When taken on a regular basis, a combination of whey protein supplements and other ingredients, aren’t just for gym buffs, in a ready-to-drink formula may greatly improve the physical strength of older people, according to a study, published Tuesday in the journal PLOS ONE.
In previous studies, a number of isolated nutritional ingredients have been shown to fight sarcopenia, the deterioration of muscle mass and strength that is a normal part of aging, which can increase the risk for falls, metabolic disorders and the need for assisted living, say researchers.
However, this is the first time such ingredients, which include whey protein, creatine, vitamin D, calcium and fish oil, have been combined and tested for this purpose.
“Older people who do little to prevent the progression of sarcopenia drift toward a state where they find activities of daily living, like rising from a chair or ascending stairs very difficult or maybe impossible,” lead scientist Stuart Phillips, professor in the Department of Kinesiology and member of McMaster’s Institute for Research on Aging, said in a press release.
In the study, comes at a time when demographic trends lean toward older Canadians as the largest percentage of our population, researchers recruited two groups of men aged 70 and older. One group took a protein-based, multi-ingredient nutritional supplement for six weeks without an exercise regimen, while the other group took a placebo. The objective was to evaluate whether daily consumption would result in gains in strength and lean body mass.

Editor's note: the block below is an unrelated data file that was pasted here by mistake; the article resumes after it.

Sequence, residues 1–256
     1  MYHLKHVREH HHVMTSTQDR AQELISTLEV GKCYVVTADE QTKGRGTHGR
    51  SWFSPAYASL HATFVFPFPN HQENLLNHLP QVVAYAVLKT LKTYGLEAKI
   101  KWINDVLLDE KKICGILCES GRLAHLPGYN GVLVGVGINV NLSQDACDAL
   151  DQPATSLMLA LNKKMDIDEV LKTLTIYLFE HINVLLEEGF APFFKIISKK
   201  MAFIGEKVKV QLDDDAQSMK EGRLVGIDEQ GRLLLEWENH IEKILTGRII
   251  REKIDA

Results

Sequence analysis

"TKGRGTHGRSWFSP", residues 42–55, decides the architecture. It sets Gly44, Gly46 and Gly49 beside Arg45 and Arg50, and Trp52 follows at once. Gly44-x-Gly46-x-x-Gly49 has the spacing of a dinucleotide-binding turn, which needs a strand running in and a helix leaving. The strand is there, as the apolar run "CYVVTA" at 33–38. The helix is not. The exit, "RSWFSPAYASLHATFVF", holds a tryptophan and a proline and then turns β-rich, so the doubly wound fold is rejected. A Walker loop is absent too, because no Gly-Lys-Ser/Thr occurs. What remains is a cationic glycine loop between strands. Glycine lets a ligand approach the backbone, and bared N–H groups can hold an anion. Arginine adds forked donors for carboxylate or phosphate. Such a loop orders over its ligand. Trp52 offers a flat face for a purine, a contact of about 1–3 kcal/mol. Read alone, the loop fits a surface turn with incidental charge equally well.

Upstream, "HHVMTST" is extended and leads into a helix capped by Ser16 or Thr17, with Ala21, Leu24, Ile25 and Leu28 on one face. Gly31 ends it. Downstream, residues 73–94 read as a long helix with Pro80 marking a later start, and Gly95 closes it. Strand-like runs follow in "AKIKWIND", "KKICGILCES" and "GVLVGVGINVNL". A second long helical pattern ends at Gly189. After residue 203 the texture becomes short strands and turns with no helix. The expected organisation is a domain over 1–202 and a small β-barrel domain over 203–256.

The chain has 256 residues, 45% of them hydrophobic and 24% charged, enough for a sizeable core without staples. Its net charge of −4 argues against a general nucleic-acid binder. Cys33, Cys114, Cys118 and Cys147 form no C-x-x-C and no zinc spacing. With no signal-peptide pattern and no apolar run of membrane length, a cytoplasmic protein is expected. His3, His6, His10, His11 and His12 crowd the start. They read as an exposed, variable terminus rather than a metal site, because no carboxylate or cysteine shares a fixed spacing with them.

During these six weeks, the supplement resulted in 700 grams of gains in lean body mass – the same amount of muscle these men would normally have lost in a year, according to the study, supported by the Labarge Optimal Aging Initiative within the McMaster Institute for Research on Aging.
Participants then continued to take the supplement (and placebo) while also undertaking a 12-week progressive exercise training program consisting of resistance and high-intensity interval training.
The findings showed that when combined with exercise twice weekly, subjects noticed greater strength gains – especially when compared with their placebo taking counterparts, researchers say.
“I know many think older persons can’t do that type of exercise, but that’s simply untrue,” Gianni Parise, scientific co-lead on the study.
The results were more impressive than the researchers expected. The findings showed improvements in deteriorating muscle health and overall strength for participants both before and after the exercise regimen.
“Clearly, exercise is a key part of the greatly improved health profile of our subjects,” says Bell, “but we are very excited by the enhancements the supplement alone and in combination with exercise was able to give to our participants.”
Next, according to a news release, researchers hope to include older women and different populations that can benefit from a supplement aimed at improving muscle health. Enditem